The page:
How to get people to do things together? Building and doing things in real world.

  • What’s your decision making architecture? What’s your communication infrastructure like?
  • What do we mean by breaking down silos? Are there good silos?
  • How do you slow things down? Add friction. Obtaining management buy-in, lengthy approval process, bottlenecks, limited access to relevant information to make decisions on.
  • Alignment is not just “talking to people”. It’s mostly listening, meeting them in the middle, then relocate any “dislocation”.
  • Silos are boundaries between groups of people, based on the organizational structure and teams they’re working on. Silos exist because humans have cognitive and communication limits.
  • “Breaking down silos” blames individuals for not having a big enough vision and working across boundaries, instead of looking with curiosity at the system and asking why they are doing what they’re doing. It’s expecting people to have your level of perspective without figuring out why they don’t.
  • Maximize collaboration within teams, and minimize collaboration between teams.
  • Communication != collaboration != coordination
  • The US military found that the best way to coordinate groups of people quickly and effectively was to centralize coordination and decentralize decision-making and execution.
  • Step 0: Give budget. Give timeline. Give permission to fail. (added this step)
  • Step 1: Get them to agree on what “the same thing” actually is.
  • Step 2: Get them to define what everyone’s role is.
  • Step 3: Get them to work on it.
  • Pros: Prevent infinite time potentially being spent on reading docs. Sync on timeline, cadence, checkpoints. Efficient for making and agreeing on quick decisions.
  • Cons: Inefficient for makers / executors, but good as a carrot / stick to keep things moving on expected pace.
  • Relative: Brainstorming. Some people are more effective at asynchronous discussion — need time to gather and formulate thoughts.
  • The decisions they have to make are so hard and complex at the most operational level that they need to outsource strategic thinking upwards. AKA blindly following orders.
  • It’s actually the constraint setting you outsource upwards. Commanders set the constraints and the boundaries within which subordinates are empowered to operate (operative constraints). Enabling constraints vs governing constraints.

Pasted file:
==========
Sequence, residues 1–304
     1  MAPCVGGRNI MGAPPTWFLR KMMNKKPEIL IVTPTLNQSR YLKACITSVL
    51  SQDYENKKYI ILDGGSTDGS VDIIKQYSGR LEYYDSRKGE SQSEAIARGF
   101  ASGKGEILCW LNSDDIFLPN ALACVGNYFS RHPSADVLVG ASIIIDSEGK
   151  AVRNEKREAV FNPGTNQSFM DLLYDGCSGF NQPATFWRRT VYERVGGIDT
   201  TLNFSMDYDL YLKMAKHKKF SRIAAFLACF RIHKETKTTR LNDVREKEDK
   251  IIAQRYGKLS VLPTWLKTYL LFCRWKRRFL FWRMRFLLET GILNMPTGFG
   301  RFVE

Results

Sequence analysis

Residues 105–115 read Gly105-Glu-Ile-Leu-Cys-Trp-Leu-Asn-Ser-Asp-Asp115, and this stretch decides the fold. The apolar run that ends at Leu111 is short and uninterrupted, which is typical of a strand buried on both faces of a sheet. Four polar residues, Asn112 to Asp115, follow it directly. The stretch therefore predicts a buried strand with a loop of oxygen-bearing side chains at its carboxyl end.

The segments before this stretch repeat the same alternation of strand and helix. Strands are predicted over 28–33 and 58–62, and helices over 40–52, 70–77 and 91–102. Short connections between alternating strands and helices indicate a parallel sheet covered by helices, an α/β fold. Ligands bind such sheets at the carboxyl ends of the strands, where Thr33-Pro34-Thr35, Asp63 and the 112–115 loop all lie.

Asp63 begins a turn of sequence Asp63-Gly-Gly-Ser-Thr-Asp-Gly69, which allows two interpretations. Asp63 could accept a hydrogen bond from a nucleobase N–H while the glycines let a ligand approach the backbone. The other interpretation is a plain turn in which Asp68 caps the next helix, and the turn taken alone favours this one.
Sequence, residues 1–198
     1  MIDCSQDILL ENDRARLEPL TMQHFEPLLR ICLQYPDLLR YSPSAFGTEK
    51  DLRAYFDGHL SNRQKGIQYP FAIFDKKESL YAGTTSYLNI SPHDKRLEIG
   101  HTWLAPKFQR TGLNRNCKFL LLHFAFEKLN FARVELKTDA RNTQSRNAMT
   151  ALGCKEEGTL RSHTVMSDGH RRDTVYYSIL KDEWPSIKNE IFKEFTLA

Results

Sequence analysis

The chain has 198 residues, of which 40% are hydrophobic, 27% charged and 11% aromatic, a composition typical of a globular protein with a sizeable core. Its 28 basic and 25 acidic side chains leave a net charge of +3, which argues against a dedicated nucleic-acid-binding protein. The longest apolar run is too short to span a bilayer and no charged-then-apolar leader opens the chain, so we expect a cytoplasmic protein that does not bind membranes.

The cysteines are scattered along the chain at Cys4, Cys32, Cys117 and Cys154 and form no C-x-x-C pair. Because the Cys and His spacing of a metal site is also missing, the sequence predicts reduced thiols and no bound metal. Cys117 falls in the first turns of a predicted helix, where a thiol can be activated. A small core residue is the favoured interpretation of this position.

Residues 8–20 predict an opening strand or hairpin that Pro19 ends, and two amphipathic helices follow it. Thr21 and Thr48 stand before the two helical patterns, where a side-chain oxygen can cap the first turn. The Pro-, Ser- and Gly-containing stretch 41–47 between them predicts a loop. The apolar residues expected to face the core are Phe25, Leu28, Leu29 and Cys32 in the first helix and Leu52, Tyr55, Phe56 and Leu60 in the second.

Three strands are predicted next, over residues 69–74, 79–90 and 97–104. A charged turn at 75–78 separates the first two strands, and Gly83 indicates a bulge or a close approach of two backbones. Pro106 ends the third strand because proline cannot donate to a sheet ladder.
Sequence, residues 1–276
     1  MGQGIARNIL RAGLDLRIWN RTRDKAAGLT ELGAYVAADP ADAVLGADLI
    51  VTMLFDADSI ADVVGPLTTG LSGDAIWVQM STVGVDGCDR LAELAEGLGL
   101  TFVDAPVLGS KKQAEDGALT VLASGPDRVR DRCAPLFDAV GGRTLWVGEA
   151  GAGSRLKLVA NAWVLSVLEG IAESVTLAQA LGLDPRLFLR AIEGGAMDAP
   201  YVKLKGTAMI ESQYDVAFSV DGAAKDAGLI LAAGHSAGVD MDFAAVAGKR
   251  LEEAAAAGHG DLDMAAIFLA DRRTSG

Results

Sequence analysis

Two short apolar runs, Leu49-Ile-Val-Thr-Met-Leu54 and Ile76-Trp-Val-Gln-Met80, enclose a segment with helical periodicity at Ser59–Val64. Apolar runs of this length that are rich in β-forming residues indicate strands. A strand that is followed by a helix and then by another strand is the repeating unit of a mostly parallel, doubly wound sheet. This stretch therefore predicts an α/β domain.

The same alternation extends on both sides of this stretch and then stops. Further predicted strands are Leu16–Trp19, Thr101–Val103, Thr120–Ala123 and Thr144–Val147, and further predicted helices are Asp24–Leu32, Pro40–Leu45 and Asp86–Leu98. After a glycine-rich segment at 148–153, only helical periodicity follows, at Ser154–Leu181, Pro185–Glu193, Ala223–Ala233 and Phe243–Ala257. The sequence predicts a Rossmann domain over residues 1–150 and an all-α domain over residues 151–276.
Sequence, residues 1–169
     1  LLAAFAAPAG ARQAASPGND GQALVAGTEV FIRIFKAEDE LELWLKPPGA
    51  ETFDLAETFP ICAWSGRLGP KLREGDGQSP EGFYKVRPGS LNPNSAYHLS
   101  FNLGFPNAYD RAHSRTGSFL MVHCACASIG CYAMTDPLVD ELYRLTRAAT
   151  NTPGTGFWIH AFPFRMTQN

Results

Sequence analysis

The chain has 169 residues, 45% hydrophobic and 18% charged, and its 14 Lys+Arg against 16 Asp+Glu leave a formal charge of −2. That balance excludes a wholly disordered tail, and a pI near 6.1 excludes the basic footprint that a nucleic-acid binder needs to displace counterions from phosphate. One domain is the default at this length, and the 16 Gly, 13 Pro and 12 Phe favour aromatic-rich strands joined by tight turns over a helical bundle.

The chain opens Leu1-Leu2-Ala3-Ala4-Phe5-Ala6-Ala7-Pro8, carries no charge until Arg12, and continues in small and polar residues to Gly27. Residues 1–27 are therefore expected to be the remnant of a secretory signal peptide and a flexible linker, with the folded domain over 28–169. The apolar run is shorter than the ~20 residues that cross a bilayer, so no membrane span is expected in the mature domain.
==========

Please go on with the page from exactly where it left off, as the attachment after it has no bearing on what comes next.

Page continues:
• War time x non war time
  • The costs of micromanagement. As speed increased and we pushed authority down further, the quality of decisions actually went up.
  • ‘Thank you’ became my most important phrase, interest and enthusiasm my most powerful behaviors.
  • The term empowerment gets thrown around a great deal in the management world, but the truth is that simply taking off constraints is a dangerous move unless the recipients of newfound authority have the necessary sense of perspective to act on it wisely. Empowered execution without shared consciousness is dangerous.
  • On a single team, every individual needs to know every other individual in order to build trust. But on a team of teams, every individual does not have to have a relationship with every other individual. We needed the SEALs to trust Army Special Forces, and for them to trust the CIA, and for them all to be bound by a sense of common purpose: winning the war.
  • When they understood the whole picture, they began to trust colleagues.
  • McChrystal implemented a profound shift from a need-to-know mindset to a culture of information sharing. The problem is that the logic ‘need to know’ depends on the assumption that somebody actually knows who does and does not need to know which material. Our experience showed us this was never the case. Functioning safely in an interdependent environment requires that every team possess a holistic understanding of the interaction between all the moving parts. Everyone has to see the system in its entirety for the plan to work. We did not want all the teams to become generalists — SEALs are better at what they do than intel analysts would be and vice versa. Diverse specialized abilities are essential. We wanted to fuse generalized awareness with specialized expertise. We dubbed this goal — this state of emergent, adaptive organizational intelligence — shared consciousness, and it became the cornerstone of our transformation.
  • Trust and purpose are inefficient: getting to know your colleagues intimately and acquiring a whole-system overview are big time sinks; the sharing of responsibilities generates redundancy. But this overlap and redundancy — these inefficiencies — are precisely what imbues teams with high-level adaptability and efficacy. Great teams are less like “awesome machines” than awesome organisms.
  • Shared consciousness, empowered execution.
  • Adaptability, not efficiency. Resilient, not optimised. Prepare, not predict.

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This is where I ask questions and talk to myself | Backend web dev, web scraping, Robotics Process Automation | Blogs at http://proses.id

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Theresia Tanzil

Theresia Tanzil

This is where I ask questions and talk to myself | Backend web dev, web scraping, Robotics Process Automation | Blogs at http://proses.id